Regardless of if you work in Marketing, IT, Customer Service, Operations, or even another department, you have likely talked about customer experience, or CX, at least a few times in the past year. This industry buzzword extends beyond department lines, and sometimes even blends multiple departments together. This often creates the challenge of deciding as an organization how to define and improve the customer experience, because many different parts of the business want to own or influence it.
Some companies focus on customer service and look to apply CX best practices where possible, specifically with customer service representatives or call centers. For others, CX initiatives hone in on their customer-facing digital solutions. The reality is, CX is relevant across departments—it is an all-encompassing trend.
At WillowTree (formerly Dynamit,) we define customer experience as every touchpoint a customer has with a company, online and offline; before, during, and after purchase or using your service. The combination of these touchpoints amounts to the defining sentiment your customer has toward your brand, influencing their buying decisions perhaps even more than the product itself.
Customer experience has mattered for as long as humans have been able to make a purchase. Emotion and the way that a customer feels about your brand has always impacted purchasing decisions. So, why have we only begun to hear about customer experience in the past decade or so?
Businesses have been using customer experience as a competitive differentiator since the dawn of the Industrial Revolution in the mid 1700s. Just like customer relations management or account-based marketing, we named the term customer experience and began to analyze it as it grew in scope and became more complex.
At each moment in history, companies have needed to innovate and find new solutions to create the best possible customer experience. Solutions providers have noticed and aligned myriads of products with CX, which has, at times created confusion.
Our CX Timeline describes how these solutions have changed over time:
Up to this point in history, a business’ CX solutions were human-centric. The answer to creating a memorable customer experience was to hire helpful, service-oriented individuals to smile at the customer or answer the phone, supporting the customer as best they could.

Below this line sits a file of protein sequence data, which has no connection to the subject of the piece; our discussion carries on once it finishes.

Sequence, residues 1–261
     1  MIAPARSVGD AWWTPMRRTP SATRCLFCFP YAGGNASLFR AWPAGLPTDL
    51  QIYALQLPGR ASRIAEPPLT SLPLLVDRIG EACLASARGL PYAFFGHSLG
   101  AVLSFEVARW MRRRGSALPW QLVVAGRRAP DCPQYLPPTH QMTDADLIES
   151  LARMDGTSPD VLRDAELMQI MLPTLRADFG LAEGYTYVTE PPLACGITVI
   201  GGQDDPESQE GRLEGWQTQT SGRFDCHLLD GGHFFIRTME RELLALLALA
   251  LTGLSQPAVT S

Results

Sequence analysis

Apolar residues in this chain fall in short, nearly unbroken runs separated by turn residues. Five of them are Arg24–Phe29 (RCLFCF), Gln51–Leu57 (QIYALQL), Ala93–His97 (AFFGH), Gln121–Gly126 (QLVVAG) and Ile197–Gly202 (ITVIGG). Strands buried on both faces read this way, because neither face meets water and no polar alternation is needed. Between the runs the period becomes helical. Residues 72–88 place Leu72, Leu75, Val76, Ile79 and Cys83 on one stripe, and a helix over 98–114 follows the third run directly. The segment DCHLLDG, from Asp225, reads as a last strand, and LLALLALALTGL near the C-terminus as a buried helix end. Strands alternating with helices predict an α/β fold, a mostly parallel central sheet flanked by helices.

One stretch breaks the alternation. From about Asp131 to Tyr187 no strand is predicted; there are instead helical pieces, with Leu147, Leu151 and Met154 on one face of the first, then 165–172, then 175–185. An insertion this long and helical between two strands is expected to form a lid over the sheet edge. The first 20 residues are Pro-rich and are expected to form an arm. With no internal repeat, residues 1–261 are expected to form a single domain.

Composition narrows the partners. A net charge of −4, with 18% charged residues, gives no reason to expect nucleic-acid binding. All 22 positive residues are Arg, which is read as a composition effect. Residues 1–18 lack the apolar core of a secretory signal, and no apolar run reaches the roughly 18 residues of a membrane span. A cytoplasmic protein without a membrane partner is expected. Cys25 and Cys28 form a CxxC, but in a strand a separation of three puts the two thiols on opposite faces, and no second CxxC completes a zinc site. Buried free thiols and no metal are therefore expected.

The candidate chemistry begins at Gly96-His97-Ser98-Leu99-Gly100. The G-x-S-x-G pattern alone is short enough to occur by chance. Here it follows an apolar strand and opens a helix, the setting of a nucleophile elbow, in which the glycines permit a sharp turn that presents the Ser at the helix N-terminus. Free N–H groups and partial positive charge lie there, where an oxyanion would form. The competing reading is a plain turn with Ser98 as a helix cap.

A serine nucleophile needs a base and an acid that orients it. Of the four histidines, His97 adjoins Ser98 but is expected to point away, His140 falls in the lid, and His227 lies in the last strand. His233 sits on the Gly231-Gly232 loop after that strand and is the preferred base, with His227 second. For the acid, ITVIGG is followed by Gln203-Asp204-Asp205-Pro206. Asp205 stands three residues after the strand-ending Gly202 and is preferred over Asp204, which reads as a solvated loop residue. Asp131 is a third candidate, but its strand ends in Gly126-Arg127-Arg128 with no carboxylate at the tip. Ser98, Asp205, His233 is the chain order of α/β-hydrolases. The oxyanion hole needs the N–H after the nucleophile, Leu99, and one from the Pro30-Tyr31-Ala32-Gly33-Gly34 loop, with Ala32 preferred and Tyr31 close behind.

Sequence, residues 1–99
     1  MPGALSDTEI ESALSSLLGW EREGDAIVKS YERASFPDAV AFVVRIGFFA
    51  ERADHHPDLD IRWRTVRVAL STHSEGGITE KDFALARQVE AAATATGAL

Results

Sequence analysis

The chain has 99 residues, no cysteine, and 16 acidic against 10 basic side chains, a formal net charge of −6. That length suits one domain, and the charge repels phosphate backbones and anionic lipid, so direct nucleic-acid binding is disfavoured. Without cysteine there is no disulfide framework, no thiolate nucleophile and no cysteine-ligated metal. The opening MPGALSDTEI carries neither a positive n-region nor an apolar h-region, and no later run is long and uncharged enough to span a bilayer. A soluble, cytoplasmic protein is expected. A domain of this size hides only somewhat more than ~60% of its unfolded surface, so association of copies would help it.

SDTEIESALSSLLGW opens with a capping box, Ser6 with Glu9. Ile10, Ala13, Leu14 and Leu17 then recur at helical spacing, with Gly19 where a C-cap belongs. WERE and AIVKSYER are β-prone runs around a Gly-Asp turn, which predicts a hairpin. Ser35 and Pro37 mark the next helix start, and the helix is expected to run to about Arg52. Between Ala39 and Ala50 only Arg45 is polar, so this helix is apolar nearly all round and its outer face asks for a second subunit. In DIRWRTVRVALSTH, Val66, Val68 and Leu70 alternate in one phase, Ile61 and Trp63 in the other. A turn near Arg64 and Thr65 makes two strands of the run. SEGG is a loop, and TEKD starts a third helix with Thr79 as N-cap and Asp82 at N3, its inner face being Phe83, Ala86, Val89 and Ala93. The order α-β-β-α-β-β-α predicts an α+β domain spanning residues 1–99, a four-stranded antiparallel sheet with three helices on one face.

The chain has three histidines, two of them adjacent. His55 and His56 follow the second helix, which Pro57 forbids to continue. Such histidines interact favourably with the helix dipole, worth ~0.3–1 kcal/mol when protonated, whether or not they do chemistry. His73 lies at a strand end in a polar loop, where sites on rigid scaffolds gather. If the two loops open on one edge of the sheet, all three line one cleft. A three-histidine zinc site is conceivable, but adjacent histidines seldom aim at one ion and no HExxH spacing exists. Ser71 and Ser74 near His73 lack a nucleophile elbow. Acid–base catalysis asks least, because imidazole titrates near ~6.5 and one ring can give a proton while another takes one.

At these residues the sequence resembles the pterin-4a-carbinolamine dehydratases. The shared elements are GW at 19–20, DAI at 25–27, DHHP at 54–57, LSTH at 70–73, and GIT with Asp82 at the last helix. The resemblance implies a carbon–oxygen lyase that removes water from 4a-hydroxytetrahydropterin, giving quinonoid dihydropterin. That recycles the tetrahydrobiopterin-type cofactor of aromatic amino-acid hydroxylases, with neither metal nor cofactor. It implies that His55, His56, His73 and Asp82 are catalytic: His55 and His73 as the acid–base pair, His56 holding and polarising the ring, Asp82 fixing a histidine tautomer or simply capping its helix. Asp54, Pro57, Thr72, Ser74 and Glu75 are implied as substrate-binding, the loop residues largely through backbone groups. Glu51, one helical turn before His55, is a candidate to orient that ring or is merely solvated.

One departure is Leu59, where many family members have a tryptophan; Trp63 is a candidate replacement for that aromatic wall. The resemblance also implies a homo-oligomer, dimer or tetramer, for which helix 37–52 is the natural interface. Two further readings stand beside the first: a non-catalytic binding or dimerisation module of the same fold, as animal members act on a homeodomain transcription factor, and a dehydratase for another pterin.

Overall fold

Because humans were so central to the customer experience, emotion was already a factor, and a winning factor at that, as brands hired lots of kind and compassionate individuals to fill their stores and call centers.
In the early 1980s and 1990s, however, CX solutions began to shift as new customer access points, powered by technology, rapidly became a significant part of the customer experience. Digital technology adds more touchpoints for the experience, making CX more complex and something that needs to be owned by more of the company than just an associate in the store.
What is Today’s CX Solution?
Today’s CX solution may seem more challenging to achieve because there are many more touchpoints than there were at the beginning of our timeline. A lot of the more recent touchpoints are digital, so it’s easy to assume that CX is all about your digital solutions.
However, CX is much more about the alignment of your digital solutions with call centers, with in-person experiences, and with all other touchpoints throughout your customer’s journey.
Like we said above, there are many more touchpoints available to customers today than there were in the past, and many of the digital touchpoints can offer a better experience that is either less reliant on human interaction, or improves human interaction by reducing friction between the company and the customer. As customers have become accustomed to these improved interactions, their expectations of every company they interact with have elevated, and continue to elevate.
Digital technology can certainly be a strong differentiator when it comes to CX, but it’s not the entire solution. Focusing only on technology and neglecting other important aspects like people, processes, and measurement will severely limit the amount of ROI you can get by improving your customer experience.
By aligning your people, processes, technology, and measurements, you will be able to deliver a consistent experience across touchpoints in a way that not only increases the value your customers get from interacting with you, but also has significant business impact.